Because it moves fast (and I feel like information overload will clog up the learning pipes of my sweet son), we do a chapter or two from Real World Algebra together and then take a few weeks break to jump back into No-Nonsense Algebra for a chapter or two. No-Nonsense Algebra is a different sort of learning that requires Caleb to read short lessons and watch a teaching video. He doesn’t like this style quite as much, but it’s good for him to adapt to learning this way more! **I’ve seen a huge improvement in his independent understanding since adding in Real World Algebra!**

## Don’t be afraid of algebra – there’s plenty of help out there!

*Another new to me middle and upper level math resource you might like to check out:*

Mathability: Math in the Real World

*(Real World Algebra was provided to me in exchange for an honest review.Â As always, all thoughts are strictly my own.)*

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Awesome!! Thank you!

We’re using Life of Fred as our “spine” text and are in Advanced Algebra. They like LOF, but aren’t algebra fans at all. They thought it was bad when the alphabet got involved in mathmatics, but throw in imaginary numbers and they’re ready to revolt! And how do you answer that “how will I use it in real life?” question when you can’t even remember dealing with imaginary numbers in math class, let alone in the “real world.” Does Real World Algebra cover advanced algebra material? At this point I’m telling them “Once we get through this year we’ll have geometry, which you’ll find pretty easy, and then we’ll do accounting or something practical for our final math class. And we’re 1/4 of the way through this year!

I feel like Real World Algebra covers pretty advanced material. It (along with No Nonsense Algebra) will likely be all the algebra I do with my son. Then, on to geometry and consumer/business math. Practical is my son’s middle name. ðŸ™‚

OH My! I can’t wait to try this! I, too, have a Caleb who hate Algebra and wonders why in the world he needs to take Algebra! He is currently taking a co-op class using Saxon so I can’t really pull him out, but I am going to order this to use with that also. He isn’t doing very well in the class either, but I think it’s more of an attitude issue than the actual inability to do it. THANK YOU!!!!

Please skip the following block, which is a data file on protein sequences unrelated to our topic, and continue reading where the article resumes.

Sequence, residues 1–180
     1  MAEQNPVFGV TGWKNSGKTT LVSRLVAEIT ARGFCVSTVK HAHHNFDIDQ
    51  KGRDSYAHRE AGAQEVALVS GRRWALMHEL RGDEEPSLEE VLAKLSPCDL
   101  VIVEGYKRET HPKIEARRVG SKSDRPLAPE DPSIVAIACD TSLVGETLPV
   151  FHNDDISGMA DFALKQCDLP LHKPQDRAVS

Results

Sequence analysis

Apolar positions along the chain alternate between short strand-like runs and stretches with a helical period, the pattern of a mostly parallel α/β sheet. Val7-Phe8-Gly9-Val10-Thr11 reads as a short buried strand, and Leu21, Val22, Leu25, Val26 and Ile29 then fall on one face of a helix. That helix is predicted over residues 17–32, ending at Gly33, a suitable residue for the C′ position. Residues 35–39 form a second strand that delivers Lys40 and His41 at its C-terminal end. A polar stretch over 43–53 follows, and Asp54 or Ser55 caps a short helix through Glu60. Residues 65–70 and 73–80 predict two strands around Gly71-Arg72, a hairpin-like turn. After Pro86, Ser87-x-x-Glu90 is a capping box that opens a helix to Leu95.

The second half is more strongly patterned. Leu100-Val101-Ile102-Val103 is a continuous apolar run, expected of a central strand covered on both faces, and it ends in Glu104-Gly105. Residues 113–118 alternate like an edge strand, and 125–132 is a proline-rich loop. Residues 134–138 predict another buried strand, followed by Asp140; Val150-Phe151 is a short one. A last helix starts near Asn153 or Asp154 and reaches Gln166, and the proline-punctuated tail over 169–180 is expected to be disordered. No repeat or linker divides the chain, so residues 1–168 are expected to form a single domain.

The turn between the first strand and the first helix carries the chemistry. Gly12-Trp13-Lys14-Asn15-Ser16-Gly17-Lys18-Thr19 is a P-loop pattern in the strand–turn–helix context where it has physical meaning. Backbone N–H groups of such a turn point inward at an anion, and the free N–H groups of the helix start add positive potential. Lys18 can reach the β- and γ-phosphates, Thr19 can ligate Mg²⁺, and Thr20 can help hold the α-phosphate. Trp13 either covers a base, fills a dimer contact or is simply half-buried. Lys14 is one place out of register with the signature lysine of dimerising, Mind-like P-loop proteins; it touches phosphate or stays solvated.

I am still a little confused about Real World Algebra. Is it supposed to supplement or be a stand-alone? My two oldest have completed Saxon Algebra, but it was a big struggle to one of them. They worked independently and I neither had time to help with algebra, nor could I remember it. If I use Real World Algebra for my third student, will it be all she’ll need? Will it give as much as Saxon?

Thank you so much!

Oksana, I’m pretty sure the author believes Real World Algebra should be considered a stand-alone. We used it alongside No-Nonsense Algebra, though. I do not believe it’s nearly as rigorous as Saxon. My son was easily able to transition into Teaching Textbooks Algebra 2 afterwards. However, many people don’t feel like Teaching Textbooks is as rigorous as Saxon either. My son did just fine on his ACT and he doesn’t plan to go into a math heavy program in college, so I’m not at all concerned that we didn’t go the rigorous route.

Note that it will NOT be all your daughter needs for algebra. I considered it as pre-algebra into algebra 1. You will definitely still need an algebra 2 program.

Cindy — I love this approach. Would you consider these two books combined to be enough or “stand alone” for a full year of Algebra 1 for the kiddo who doesn’t love Saxon? :-).

Oops sorry I just read your comments to other folks. ðŸ™‚

I’ve only just discovered your website, and I feel like I could live here, spend ALL my free time here, and soak it all up. So much amazing stuff – great resources I wouldn’t have found on my own, stories of kids like mine and what worked for them, inspiration to do the “hard” stuff. I’m a fan! Thank you!

I’m so glad it’s been helpful, Karis!!